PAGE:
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Dashiell Hammett

May 26, 1894, marks  the birthday of detective novelist Dashiell Hammett.  Born in St. Mary's County, Maryland, he is the son of Richard Hammett, a farmer and politician, and Annie Bond Dashiell, a nurse who spent most of her time tending to her three children.  The family moved to Philadelphia for a while before settling in Baltimore, where Hammett studied at the Baltimore Polytechnic Institute. 

Hammett left school at the age of 14 to help support the family, after which he held a series of jobs, ranging from messenger boy, newspaper boy, clerk, timekeeper, yardman, and machine operator to stevedore.  He eventually became an operative for the Pinkerton Detective Agency. 

He served as a sergeant in an ambulance corps during World War I when Spanish influenza was spreading quickly throughout U.S. military installations.  Hammett contracted tuberculosis.  "I have always had good health until I contracted influenza, complicated by bronchial pneumonia treatment," Hammett told his doctor in 1919.  He spent the remainder of the war in the hospital, and for much of his life he suffered from ill health.

After the war, Hammett turned to writing.  By the late 1920s, he had become the unquestioned master of American detective-story fiction.  His literary style was labeled "hard-boiled" because it contained almost no extraneous detail.  In one story, he describes a woman by writing, "Her eyes were blue, her mouth red, her teeth white, and she had a nose.  Without getting steamed up over the details, she was nice." 

Along with fellow mystery writer Raymond Chandler, Hammett represented the early realistic vein in detective stories, where his tough-as-nails heroes are forced to confront violence, knowing full well its corrupting power.  In his novels, Hammett paints a nebulous picture of American society where greed, brutality, and treachery are the major driving forces behind human actions.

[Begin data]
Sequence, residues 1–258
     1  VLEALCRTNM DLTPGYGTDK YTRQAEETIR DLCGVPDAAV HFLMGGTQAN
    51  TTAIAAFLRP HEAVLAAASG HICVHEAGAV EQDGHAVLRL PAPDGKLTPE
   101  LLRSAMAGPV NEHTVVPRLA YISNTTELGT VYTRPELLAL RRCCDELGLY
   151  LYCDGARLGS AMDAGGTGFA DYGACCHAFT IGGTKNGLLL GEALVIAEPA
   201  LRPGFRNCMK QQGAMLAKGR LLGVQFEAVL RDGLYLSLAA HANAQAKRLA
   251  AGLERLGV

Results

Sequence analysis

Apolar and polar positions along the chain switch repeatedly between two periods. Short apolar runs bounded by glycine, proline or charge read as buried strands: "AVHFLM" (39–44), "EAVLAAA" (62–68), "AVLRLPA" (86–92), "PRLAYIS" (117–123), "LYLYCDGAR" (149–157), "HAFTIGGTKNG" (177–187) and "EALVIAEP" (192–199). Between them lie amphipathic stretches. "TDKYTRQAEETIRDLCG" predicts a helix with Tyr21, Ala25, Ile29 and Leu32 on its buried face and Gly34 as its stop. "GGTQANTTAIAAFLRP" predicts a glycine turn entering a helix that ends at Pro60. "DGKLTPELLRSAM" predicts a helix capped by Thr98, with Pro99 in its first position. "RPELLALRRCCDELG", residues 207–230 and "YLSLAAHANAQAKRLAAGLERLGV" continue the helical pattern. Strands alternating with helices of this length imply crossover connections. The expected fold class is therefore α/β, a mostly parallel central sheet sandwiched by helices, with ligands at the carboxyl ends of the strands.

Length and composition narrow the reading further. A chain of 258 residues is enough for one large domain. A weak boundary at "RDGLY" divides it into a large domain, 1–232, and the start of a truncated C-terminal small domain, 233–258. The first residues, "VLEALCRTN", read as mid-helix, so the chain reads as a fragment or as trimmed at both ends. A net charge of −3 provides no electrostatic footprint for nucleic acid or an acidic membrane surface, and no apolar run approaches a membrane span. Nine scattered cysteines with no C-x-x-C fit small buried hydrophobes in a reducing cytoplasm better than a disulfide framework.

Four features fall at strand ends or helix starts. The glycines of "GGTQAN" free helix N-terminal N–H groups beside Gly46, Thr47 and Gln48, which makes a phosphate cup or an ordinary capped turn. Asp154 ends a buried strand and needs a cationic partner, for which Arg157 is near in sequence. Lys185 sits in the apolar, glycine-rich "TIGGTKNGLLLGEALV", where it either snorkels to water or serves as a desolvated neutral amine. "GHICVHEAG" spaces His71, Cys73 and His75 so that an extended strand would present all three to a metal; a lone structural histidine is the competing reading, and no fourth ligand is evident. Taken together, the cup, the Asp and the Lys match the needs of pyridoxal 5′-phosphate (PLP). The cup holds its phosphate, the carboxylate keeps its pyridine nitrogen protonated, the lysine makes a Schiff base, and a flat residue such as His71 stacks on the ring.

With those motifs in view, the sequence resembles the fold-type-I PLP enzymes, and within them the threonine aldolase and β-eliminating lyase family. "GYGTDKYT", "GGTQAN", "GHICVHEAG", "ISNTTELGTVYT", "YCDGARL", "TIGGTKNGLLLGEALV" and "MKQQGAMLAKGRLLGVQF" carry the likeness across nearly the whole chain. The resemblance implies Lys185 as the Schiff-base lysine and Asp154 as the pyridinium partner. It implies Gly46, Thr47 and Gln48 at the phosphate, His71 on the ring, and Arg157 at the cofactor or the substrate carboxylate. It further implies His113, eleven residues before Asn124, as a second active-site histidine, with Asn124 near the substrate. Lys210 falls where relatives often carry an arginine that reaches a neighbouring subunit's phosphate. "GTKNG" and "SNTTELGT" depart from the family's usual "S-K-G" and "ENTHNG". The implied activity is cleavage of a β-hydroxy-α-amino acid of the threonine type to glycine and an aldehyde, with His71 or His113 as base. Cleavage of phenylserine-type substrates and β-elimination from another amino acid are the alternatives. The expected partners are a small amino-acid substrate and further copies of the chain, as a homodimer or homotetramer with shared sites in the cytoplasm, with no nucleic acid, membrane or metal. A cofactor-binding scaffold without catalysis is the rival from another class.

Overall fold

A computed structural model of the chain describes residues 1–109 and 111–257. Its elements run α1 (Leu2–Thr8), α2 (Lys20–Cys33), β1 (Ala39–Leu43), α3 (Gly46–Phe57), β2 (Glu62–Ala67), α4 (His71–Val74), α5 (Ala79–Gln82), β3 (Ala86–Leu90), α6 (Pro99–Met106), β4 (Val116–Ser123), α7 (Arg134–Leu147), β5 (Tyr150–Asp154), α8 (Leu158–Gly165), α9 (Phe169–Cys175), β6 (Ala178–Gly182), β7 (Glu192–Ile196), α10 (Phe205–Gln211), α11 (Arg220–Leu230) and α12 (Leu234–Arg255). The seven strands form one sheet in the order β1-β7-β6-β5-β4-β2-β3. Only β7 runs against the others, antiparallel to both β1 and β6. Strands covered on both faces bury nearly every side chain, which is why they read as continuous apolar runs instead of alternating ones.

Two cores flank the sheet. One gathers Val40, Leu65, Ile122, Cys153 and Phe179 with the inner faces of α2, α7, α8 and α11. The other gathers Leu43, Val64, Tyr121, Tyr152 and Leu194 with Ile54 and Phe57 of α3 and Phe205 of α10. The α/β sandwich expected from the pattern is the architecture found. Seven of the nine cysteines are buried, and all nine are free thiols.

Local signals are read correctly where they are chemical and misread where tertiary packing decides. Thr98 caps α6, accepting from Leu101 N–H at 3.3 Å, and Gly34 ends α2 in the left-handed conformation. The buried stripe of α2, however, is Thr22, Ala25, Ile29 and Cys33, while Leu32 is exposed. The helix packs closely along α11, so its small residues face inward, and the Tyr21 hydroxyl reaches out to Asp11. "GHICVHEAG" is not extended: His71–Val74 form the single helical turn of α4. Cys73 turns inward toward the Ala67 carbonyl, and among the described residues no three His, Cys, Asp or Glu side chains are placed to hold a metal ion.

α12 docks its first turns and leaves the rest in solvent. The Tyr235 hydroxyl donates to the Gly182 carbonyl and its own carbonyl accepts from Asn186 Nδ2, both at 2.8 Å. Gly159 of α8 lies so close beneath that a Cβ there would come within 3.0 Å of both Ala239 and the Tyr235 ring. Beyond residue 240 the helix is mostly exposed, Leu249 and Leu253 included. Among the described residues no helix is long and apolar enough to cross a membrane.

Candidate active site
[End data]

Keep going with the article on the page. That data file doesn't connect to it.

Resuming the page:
Often called the father of the modern American detective story, Hammett gained his knowledge of crime and undercover work from his years with Pinkerton before he ever dreamed of turning to writing at the age of 28.  Many of his first short stories featured the Continental Op, a nameless private detective who became the archetype for a generation of hard-boiled mystery detectives.  Hammett's detective novels include The Big Knockover, The Dain Curse (1929), The Maltese Falcon (1930), and The Thin Man (1932). 

In The Maltese Falcon, hero Sam Spade, a famous fictional detective who was played by Humphrey Bogart in the film version of the novel, was as hard-boiled a gumshoe as they came.  Critics consider the 1941 movie, directed by John Huston, to be a masterpiece, not only because of its impressive cast, but also because of the story behind it, often called the greatest detective novel ever written.  In addition to Bogart, the film starred Sydney Greenstreet, Mary Astor, Elisha Cook Jr., Ward Bond, and Peter Lorre.

"Samuel Spade's jaw was long and bony, his chin a jutting V under the more flexible V of his mouth.  His nostrils curved back to make another smaller V.  His yellow-grey eyes were horizontal.  The V motif was picked up again by thickish brows rising outward from twin creases above a hooked nose, and his pale brown hair grew down - from high flat temples - in a point on his forehead.  He looked rather pleasantly like a blond satan." - from The Maltese Falcon

For his long-held communist beliefs, Hammett became a target during Senator Eugene McCarthy's anti-Communist crusade.  In 1951, he served five months in prison rather than testifying at the trial of four other writers accused of conspiracy.  He was blacklisted by the House on Un-American Activities Committee (HUAC).  When the Internal Revenue Service claimed that he owed a huge amount in tax deficiencies, the federal government attached his income. 

For a while, the State Department managed to keep his books off the shelves of both American and European libraries.  For the rest of his life, Hammett lived in and around New York City, teaching creative writing in the Jefferson School of Social Science from 1946 to 1956.  Author Lillian Hellman, with whom he had a long and feisty affair, cared for him in her Park Avenue apartment from 1956.  Hellman is sometimes unfairly blamed for his minimal writing output from 1934 to his death.

Dashiell Hammett--the greatest hard-boiled detective story writer in history--died penniless of lung cancer on January 10, 1961.

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